You go to sleep the night before your first day as a homeschool teacher with visions of sugarplums dancing in your head. Well, okay, not sugarplums, but you are dreaming of how well you hope your day will go. You just know that little Johnny is going to love the math game you found to help him practice his addition work. Science class will be a nature walk in the park. You will read “Treasure Island” and stop to look up words together in the dictionary. It is going to be wonderful!
What happens if your morning is nothing like you planned? Johnny refuses to play the math game, he won’t put on his shoes for the nature walk and he isn’t interested in reading aloud together. What happened? You put so much effort into planning all of this out, and it isn’t working. Do you start to think that maybe you shouldn’t be homeschooling?
Before you throw in the towel, take a deep breath and then take some time to reevaluate your methods. Sure, you would have loved to play games to learn math when you went to school, and getting outside would have been a huge treat. That is you, but it may not be your child. We all have different learning styles, and one of the best things you can do for your family (and your sanity) is to spend some time considering how each of you learns best. What worked for you, may not work for him. And what was great for one child won’t always be right for the next one.
Here are some things to think about when evaluating your child’s learning style (the term “learning style” refers to the way, or style, a person most easily learns and processes new information or skills) – Does he constantly have to be moving? Does she insist that everything be in its proper place? Is he more comfortable on his own or does he need people around? Does she view competition as a good thing or bad? The answers to these questions will help you teach your child in the way that he will learn best.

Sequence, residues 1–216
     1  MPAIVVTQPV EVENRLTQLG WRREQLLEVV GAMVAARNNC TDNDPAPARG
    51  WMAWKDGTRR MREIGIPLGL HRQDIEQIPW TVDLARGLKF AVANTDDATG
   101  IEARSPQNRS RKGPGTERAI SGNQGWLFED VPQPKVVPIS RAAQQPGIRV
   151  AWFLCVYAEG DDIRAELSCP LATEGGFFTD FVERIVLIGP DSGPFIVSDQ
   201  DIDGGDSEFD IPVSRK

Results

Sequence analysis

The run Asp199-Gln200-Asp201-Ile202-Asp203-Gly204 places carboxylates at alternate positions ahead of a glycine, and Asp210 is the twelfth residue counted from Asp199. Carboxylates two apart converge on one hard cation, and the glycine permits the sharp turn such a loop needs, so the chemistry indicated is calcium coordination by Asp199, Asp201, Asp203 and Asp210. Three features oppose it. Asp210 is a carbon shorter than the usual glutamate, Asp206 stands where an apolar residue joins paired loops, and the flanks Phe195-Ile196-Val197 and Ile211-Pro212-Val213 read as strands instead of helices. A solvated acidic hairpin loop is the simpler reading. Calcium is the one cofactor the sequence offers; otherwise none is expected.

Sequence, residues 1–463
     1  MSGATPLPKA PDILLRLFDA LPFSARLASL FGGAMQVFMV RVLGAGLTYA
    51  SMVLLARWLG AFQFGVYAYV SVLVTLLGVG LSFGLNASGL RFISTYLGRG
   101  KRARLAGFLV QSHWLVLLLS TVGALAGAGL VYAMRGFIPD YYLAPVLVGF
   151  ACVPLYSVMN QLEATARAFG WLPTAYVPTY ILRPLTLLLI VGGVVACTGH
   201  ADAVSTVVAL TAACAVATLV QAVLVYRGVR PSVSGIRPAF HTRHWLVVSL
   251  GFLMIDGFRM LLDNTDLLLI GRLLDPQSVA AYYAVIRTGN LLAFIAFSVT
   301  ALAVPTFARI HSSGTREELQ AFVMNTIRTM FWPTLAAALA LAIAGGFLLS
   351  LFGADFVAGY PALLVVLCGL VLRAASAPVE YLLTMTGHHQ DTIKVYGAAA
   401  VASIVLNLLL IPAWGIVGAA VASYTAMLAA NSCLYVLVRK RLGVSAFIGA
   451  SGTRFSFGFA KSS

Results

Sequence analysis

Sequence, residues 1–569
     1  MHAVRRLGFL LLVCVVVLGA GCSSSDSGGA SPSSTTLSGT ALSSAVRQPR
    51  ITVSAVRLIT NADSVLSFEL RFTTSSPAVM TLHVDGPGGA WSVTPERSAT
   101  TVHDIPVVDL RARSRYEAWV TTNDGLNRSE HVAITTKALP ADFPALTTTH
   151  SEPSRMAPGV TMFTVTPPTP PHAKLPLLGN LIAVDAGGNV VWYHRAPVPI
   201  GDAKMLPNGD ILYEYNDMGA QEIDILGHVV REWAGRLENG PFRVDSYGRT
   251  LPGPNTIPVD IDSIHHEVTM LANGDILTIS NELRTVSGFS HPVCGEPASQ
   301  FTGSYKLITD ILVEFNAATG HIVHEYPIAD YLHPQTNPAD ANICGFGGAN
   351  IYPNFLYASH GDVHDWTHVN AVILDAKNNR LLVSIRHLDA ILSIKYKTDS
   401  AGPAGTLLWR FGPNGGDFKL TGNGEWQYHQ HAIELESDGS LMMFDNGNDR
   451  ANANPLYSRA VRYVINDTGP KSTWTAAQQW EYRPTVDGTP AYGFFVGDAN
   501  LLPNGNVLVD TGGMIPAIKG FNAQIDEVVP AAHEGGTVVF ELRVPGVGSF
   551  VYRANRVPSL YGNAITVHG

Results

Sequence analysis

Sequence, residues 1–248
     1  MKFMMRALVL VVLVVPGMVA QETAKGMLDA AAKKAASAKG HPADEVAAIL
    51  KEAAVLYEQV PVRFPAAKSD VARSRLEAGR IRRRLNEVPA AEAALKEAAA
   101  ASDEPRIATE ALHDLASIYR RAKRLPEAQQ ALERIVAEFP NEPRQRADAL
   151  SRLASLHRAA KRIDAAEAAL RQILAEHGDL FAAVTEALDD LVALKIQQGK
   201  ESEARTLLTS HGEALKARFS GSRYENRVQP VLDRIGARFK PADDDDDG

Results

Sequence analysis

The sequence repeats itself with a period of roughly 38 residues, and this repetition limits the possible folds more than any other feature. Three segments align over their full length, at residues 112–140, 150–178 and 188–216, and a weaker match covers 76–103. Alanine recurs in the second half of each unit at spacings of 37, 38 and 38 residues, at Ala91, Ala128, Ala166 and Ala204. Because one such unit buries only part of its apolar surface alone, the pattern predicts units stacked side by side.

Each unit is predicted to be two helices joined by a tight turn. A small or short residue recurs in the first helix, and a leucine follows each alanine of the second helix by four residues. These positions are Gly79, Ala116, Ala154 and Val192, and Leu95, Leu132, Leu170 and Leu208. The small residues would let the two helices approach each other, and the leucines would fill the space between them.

“The Guide to Homeschooling” is published by the FPEA and available for members. In it you will find incredibly helpful information about learning styles. You will be introduced to “Wiggly Willy” who needs to move around and is a hands-on learner, “Perfect Paula” who likes the typical school set up. You will also meet “Competent Carl” who is analytical learner and enjoys problem solving in math and science, and “Sociable Sue” who doesn’t like memorization but loves change and the big picture. Knowing these things about your child and about yourself will make your homeschool journey much more joyful.
If you are feeling stressed out and thinking that maybe you need to re-evaluate your teaching methods, you might want to take a short break from your regular homeschool curriculum and materials. Do a little less teaching and a lot more observing. Watch and find out who your child is and what his learning style is and then work from there. You and your child will be so glad you did.
by Melanie Thurman, FPEA Relationship Ambassador. Melanie is a homeschooling mom of five in her 21st year of this adventure. She would love to see more and more moms give homeschooling a try and works to help encourage and support them through her local support group and as an FPEA Ambassador. You can catch up with her at www.thurmanmom.blogspot.com